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Mick Dempsey

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1 hour ago, Big J said:

Once the base rate goes up, the UK house of cards property market crashes.

History tells us otherwise J. 
 

It’s only been low for the past 10 yrs. Thats a sneeze in real terms. 
 

There are plenty of people that would welcome an interest rate rise. 

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Whilst I don’t favour “economic growth” / GDP as a measure of a nation’s well being, and whilst I do share your forecast of an inflationary rise, I’m not entirely sure your assessment of shitshow is shared by all of the economic analysts. 
 
But.....  If it turns out that there ISN’T an economic shitshow post Brexit / Covid, is there any possibility you might stop moaning about f*cking Brexit.....?


I see it’s his birthday today. So it’s either the reason he’s extra grumpy or he might perk up later. 🤣
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7 hours ago, kevinjohnsonmbe said:

Whilst I don’t favour “economic growth” / GDP as a measure of a nation’s well being, and whilst I do share your forecast of an inflationary rise, I’m not entirely sure your assessment of shitshow is shared by all of the economic analysts.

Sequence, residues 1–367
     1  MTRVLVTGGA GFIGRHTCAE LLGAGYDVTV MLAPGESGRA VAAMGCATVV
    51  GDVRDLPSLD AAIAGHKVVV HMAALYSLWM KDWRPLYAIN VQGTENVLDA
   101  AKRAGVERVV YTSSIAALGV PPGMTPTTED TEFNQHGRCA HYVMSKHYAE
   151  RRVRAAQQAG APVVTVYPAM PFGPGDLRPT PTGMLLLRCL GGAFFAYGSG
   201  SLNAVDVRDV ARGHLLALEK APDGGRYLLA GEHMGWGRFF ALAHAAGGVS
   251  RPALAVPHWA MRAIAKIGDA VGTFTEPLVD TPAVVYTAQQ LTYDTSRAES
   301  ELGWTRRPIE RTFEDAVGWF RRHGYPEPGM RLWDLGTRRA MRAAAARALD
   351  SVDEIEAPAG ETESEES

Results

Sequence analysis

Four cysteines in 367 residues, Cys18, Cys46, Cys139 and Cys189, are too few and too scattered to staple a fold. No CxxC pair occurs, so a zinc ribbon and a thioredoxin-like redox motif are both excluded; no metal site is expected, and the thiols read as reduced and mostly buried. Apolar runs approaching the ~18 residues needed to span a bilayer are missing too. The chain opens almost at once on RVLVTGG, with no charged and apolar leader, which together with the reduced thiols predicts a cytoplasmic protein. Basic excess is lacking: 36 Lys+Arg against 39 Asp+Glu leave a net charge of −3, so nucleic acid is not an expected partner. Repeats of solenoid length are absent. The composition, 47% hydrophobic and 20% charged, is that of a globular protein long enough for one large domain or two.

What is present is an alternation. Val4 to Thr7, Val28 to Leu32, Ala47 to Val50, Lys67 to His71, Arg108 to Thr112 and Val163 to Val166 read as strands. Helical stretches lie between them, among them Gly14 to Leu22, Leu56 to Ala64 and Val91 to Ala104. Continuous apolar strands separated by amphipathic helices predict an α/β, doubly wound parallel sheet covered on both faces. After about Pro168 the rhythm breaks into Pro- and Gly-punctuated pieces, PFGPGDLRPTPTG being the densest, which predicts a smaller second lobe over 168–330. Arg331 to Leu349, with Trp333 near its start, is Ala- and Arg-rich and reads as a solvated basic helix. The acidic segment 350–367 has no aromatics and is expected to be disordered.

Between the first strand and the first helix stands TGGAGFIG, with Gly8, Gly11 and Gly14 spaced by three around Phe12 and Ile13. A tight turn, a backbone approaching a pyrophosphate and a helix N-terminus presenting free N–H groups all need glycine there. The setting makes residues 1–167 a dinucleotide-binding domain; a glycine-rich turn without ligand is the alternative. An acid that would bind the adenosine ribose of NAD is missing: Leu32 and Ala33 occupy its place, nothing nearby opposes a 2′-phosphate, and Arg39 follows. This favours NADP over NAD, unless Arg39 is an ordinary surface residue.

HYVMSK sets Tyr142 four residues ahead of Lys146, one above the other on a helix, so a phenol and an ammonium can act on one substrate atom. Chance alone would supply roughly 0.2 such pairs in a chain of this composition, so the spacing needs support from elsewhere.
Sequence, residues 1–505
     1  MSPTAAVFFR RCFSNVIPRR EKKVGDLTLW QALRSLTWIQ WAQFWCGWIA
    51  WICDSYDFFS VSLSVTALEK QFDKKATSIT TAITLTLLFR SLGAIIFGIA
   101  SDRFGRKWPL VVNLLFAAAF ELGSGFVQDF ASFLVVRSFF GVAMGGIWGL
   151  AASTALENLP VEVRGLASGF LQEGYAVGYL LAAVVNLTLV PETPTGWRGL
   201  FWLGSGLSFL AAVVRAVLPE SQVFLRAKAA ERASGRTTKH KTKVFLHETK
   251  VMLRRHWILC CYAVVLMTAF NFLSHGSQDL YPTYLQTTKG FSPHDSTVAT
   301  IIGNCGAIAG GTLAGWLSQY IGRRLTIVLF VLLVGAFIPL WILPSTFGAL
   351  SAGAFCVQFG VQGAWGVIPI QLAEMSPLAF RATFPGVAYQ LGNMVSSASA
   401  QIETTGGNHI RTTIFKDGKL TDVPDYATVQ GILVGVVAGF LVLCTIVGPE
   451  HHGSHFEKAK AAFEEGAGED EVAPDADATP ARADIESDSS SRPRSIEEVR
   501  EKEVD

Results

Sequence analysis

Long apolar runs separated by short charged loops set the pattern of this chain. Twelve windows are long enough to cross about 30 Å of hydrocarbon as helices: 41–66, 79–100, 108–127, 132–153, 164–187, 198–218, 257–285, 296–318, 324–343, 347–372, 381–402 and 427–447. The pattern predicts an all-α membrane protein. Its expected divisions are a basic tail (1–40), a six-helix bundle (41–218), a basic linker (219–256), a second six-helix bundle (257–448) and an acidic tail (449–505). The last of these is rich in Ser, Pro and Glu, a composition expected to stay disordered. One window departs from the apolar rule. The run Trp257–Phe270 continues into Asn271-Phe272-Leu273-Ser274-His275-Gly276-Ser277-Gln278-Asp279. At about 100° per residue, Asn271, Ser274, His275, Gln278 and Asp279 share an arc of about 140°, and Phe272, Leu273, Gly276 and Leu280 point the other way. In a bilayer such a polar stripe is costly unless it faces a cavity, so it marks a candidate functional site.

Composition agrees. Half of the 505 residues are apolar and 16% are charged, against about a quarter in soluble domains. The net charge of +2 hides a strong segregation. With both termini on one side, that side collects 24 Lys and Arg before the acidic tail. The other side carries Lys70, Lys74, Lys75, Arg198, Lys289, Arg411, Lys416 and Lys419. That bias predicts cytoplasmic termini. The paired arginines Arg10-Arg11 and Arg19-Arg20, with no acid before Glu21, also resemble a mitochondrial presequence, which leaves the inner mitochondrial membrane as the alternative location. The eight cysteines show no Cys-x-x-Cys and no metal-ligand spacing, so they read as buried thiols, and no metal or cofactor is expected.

But.....  If it turns out that there ISN’T an economic shitshow post Brexit / Covid, is there any possibility you might stop moaning about f*cking Brexit.....?

 

Haha 🤣 With the exception of the monstrous export tariff on forwarders, I've not moaned about Brexit for ages.

7 hours ago, kevinjohnsonmbe said:

History tells us otherwise J. 
 

It’s only been low for the past 10 yrs. Thats a sneeze in real terms. 
 

There are plenty of people that would welcome an interest rate rise. 

 

The whole market is just completely unaffordable now though. As an example:

 

The average salary in Devon is £27.5k. Assume a typical family on an average wage with one parent full time, one parent 50% pro rata. That's a gross household income before tax of £41,250. 

 

The qualifies them for a maximum mortgage of 4.5 times their combined income (as stipulated by the FCA - 5.5 times is sometimes awarded but only to high earning first time buyers earning in excess of £40k), so £185k.